Members of the hound group, beagles are a small to medium sized, squarely built dog breed with a sleek, short, and easy to care for coat. They come in many colors such as red and white, black and tan, lemon and white, and tri-color. Their coat is of medium length, hard and close. The beagle’s skull is slightly rounded and broad with a square, straight muzzle and wide, long ears. Its full nostril, black nose is perfect for scenting and their hazel or brown eyes have an almost pleading expression. Although their carry their tail gaily, it should never cure over the beagles back. Beagles have a bay or howl all their own.
Temperament of a Beagle
Beagles are an extremely friendly, gentle, curious, lively, happy dog that loves everyone. Although calm, loving, and sociable, they are also very intelligent and brave. Beagles are great with children and most other dogs but need watching around non-canine pets unless already socialized with them. Beagles are normally strong willed and require firm, patient training and constant companionship, as they dislike being alone. They should be fenced or walked on a leash as they will follow their nose if they find an interesting scent and take off to explore.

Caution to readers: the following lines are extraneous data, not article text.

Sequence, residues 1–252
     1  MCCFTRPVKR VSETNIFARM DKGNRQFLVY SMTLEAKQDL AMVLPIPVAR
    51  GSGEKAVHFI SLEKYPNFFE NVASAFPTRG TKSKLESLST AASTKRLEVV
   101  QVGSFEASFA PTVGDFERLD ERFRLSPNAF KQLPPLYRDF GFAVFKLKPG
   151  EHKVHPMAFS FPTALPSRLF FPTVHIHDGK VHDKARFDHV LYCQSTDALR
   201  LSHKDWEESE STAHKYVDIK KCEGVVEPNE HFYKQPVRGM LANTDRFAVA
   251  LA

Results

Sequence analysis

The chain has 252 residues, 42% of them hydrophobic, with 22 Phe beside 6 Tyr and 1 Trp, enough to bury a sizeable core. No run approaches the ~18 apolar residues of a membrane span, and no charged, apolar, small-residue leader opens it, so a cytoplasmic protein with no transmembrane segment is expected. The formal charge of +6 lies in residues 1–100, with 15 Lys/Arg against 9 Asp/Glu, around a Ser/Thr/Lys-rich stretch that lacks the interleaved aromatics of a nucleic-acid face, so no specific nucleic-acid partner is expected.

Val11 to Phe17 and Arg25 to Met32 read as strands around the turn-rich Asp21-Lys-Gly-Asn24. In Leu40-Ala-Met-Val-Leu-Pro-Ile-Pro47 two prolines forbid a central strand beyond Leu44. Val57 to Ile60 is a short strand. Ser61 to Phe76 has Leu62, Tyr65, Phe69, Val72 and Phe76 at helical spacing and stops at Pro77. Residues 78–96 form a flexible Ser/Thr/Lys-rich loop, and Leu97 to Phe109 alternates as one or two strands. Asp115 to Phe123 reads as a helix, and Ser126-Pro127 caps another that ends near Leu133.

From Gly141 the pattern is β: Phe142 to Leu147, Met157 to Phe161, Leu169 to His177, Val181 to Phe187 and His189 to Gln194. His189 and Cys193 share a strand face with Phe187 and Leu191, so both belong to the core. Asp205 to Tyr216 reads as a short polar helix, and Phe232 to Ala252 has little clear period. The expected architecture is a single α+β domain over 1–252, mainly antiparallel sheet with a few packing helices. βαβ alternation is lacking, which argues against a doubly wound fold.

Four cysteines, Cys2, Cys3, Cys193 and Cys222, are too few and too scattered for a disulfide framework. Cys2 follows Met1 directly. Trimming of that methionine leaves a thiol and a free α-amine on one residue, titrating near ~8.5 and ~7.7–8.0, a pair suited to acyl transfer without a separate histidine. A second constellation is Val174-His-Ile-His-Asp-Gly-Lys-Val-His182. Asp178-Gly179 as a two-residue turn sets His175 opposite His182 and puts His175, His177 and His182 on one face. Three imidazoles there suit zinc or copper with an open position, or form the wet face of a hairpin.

Grooming & Shedding of a Beagle
An average shedder, the beagle’s shorthaired, smooth coat is very easy to look after. Using a firm bristled brush, simply groom the dogs coat regularly. Only bathe a beagle when required and always use a very mild soap. You can also dry shampoo them occasionally when needed. Keep their nails trimmed and check the beagle’s ears carefully and regularly for any signs of infection or problems.
History of the Beagle
Although not well documented and the beagle’s early origin is uncertain, history suggests that they may be a cross between hounds, such as the Harrier hound, pack hounds and other hounds in England. It was not until the mid 1600s that they mentioned beagles in America. Before the civil war, the American version of the beagle found in the south did not look very similar to the English beagle version and more likely related to dachshunds or basset hounds. Once the war ended, they imported beagles from England to America, which were the basis for American beagles today. It was not until 1888 that they formed the National Beagle Club. Since then, beagles are still an extremely well loved and popular breed of pet in the United States.
Health Issues with a Beagle
Major Concerns: hip dysplasia, intervertebral disc disease
Minor Concerns: epilepsy, glaucoma
Occasionally seen: deafness, Hemophilia type A, cataracts